Nerds Have DJ Switch and the Most Enthusiastic Dance Floors

Rose City Comic Con and Retro Gaming Expo have never known another hand on the needle.

DJ Switch (DJ Switch)

Jeff “DJ Switch” Sorensen has spent more than two decades earning his living behind the decks and flown his freak flag fiercely as long as he can recall. But our least glamorous superstar DJ only recently became a professional nerd.

It wasn’t a matter of waiting out his chance—Rose City Comic Con and Retro Gaming Expo have never known another hand on the needle. The job simply didn’t used to exist before social media, G4 coverage, and affordable synthetic battle-suits thrust a rather different sort of fandom into view.

“A lot of folks have misunderstandings about nerds,” Sorensen muses. “They’re widely considered antisocial, and that’s just not true. By and large, regardless of their fandom, nerd communities like to have structured, purposeful events with some of the most enthusiastic dance floors I’ve ever seen. I don’t know what it would look like without cosplay. Frankly, I don’t want to know.”

Sorensen’s hero’s journey began in earnest his second year at Oregon City High School. A band director’s abrupt retirement left Sorensen singularly qualified to run the school soundboard, thereby effectively granting an all-access pass and open schedule to a sophomore with nowhere to go and nothing to do. This proved to be a marvelous training ground for the soon-to-be-mobile DJ’s move to Portland, residency at the cavernous east county disco Refectory, and eventual turn behind the decks at big conventions.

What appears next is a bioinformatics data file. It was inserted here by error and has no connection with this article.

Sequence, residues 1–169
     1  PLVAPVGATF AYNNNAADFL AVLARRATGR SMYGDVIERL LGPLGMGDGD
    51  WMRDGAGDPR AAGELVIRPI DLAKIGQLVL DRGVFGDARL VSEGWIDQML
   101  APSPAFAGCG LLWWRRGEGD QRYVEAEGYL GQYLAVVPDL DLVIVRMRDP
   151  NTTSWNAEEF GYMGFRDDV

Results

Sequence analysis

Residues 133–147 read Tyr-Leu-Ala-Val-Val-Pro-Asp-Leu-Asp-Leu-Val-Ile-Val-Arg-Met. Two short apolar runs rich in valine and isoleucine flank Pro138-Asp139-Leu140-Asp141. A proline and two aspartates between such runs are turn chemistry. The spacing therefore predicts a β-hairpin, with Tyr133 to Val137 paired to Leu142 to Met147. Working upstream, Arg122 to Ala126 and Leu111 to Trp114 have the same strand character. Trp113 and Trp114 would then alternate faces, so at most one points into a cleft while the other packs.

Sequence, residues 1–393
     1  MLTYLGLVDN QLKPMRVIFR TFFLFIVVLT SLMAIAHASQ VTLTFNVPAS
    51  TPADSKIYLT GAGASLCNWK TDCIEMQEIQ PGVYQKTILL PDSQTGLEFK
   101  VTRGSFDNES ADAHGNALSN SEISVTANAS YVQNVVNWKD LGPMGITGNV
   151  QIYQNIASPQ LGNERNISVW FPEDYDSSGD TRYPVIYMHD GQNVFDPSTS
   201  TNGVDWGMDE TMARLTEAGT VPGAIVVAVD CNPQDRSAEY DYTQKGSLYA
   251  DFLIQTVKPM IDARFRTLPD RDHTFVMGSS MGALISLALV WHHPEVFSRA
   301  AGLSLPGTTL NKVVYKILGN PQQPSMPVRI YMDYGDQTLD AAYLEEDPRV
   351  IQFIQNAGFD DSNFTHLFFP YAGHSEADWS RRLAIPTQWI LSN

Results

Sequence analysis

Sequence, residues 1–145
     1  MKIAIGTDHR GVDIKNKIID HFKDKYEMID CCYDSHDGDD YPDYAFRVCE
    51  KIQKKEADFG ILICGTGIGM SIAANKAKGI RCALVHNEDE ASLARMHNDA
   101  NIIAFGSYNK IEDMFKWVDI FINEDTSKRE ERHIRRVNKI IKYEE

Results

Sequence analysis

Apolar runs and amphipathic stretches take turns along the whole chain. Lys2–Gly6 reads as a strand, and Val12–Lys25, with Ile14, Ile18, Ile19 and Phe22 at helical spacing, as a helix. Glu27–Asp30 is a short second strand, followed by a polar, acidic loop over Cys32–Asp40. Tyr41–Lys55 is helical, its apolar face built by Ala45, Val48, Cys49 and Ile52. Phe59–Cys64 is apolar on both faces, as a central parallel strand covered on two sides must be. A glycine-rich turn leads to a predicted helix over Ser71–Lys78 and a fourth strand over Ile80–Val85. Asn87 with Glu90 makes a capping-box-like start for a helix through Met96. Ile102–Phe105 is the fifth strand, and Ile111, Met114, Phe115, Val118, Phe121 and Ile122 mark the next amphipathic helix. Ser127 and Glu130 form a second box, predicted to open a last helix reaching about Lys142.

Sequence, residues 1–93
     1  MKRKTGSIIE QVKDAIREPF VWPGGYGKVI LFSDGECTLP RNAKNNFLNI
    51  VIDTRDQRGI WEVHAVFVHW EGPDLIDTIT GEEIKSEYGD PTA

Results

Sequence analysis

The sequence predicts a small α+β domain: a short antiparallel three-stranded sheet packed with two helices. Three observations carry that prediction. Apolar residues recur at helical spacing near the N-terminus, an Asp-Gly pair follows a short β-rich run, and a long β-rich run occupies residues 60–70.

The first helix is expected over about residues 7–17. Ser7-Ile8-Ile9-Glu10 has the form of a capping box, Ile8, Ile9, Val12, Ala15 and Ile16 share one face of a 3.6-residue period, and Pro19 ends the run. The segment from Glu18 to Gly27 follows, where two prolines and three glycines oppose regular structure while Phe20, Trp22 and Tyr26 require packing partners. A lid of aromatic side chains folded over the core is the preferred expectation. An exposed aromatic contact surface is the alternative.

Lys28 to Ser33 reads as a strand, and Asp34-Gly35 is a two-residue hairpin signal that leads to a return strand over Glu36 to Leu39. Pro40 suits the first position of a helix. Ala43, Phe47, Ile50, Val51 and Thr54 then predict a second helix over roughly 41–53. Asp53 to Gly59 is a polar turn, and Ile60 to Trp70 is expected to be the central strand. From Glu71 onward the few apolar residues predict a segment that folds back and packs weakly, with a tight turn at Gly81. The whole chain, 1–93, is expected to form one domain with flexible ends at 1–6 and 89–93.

He says it’s a misconception that nerds are uncoordinated and can’t keep a beat: “Band geeks are far more attuned to rhythm than the general public.”

Held to the same standards as a club DJ, Sorensen found this particular niche requires similar skills of empathetic turntablism but a considerably greater repertoire.

“When hired to perform, I mix all of my tracks by hand, on the fly, and in the moment. That being said, depending on the event, I’ll throw in some cartoon themes or video game music or artists well known on the internet together with the mainstream club music,” says Sorensen, a lifelong gamer.

Sorensen insists his primary concern remains inclusivity, connection and repping nerd culture at large. Plus, the rewards of being DJ Switch are beyond compare.

“Set lists change depending on the event, but the passion of the people [attending] does not,” he says. “That’s what keeps me coming back. My best show at the biggest club in Portland will still be less interesting than a mediocre night at the comic convention.”

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